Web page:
Nowadays, everyone can create an e-course using a special editor. The software will automatically generate the code for LMS interaction and pack all the training materials into a SCORM package. All you have to do is simply upload the course to the training system.
Editors for creating SCORM courses can be divided into three groups:
- Standalone editors
- Online cloud services
- PowerPoint add-ins
If you’re developing your first e-course, it’s better to use a PowerPoint add-in for at least two reasons:
- You won’t need to spend time on learning a new program. If you have ever made a presentation, then you’ll create the course in PowerPoint much faster, as the principle of work is the same.
- You can take any PowerPoint presentation that you use in class with your learners as a foundation for the course.
If you’re making a course from a presentation for the first time and you’d like it to look professional and captivating for the learners, this collection of articles might be of help:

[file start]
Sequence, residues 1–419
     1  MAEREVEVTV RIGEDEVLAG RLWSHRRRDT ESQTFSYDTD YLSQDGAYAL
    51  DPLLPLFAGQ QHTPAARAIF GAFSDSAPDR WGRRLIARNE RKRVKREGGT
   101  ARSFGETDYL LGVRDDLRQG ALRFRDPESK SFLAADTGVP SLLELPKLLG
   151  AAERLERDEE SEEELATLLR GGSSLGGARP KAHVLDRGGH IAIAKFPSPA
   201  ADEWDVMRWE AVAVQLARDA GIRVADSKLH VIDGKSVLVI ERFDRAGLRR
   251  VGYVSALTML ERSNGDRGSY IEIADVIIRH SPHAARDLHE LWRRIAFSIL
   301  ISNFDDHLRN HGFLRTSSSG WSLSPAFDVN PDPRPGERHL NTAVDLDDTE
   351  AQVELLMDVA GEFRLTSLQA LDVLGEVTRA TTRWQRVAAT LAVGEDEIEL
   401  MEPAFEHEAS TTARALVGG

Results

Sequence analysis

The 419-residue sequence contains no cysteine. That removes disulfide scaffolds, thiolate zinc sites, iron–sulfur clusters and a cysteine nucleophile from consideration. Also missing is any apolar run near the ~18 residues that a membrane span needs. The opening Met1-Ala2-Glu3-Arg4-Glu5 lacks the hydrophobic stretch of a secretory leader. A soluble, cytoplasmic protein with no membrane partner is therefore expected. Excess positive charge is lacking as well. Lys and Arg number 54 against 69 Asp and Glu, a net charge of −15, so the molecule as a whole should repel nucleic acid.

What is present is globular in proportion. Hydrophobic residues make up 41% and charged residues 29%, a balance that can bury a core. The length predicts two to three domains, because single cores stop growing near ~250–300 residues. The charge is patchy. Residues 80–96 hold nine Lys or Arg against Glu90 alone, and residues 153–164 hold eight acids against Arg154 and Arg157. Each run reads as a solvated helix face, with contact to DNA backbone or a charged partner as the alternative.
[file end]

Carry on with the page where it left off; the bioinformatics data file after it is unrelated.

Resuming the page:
- How to create great e-Learning content from A to Z (a series of 10 articles)
- Gamification vs. Game-Based Learning
- 4 Technical Ways to Structure Your Presentation
You can also enhance your presentation with polls, quizzes, and a talking head video.
Creating such courses is easy with iSpring Suite, a PowerPoint add-in. After installation, all the capabilities of iSpring Suite will be available in a special PowerPoint tab. That means you can turn your presentation into an e-course right in PowerPoint.
How to Turn a Presentation Into a SCORM Course
It’ll take a few minutes to make a professional educational course out of a common PPT presentation.
1. Download a free trial of iSpring Suite.
2. Open the presentation you’d like to turn into an e-course.
3. Click Publish on the iSpring tab.
4. Select the LMS option on the left part of the menu.
5. Type in the title of the course.
6. Select the LMS Profile according to the standard your LMS supports.
7. Click on Customize to specify the course description and keywords and set up the progress and completion rules.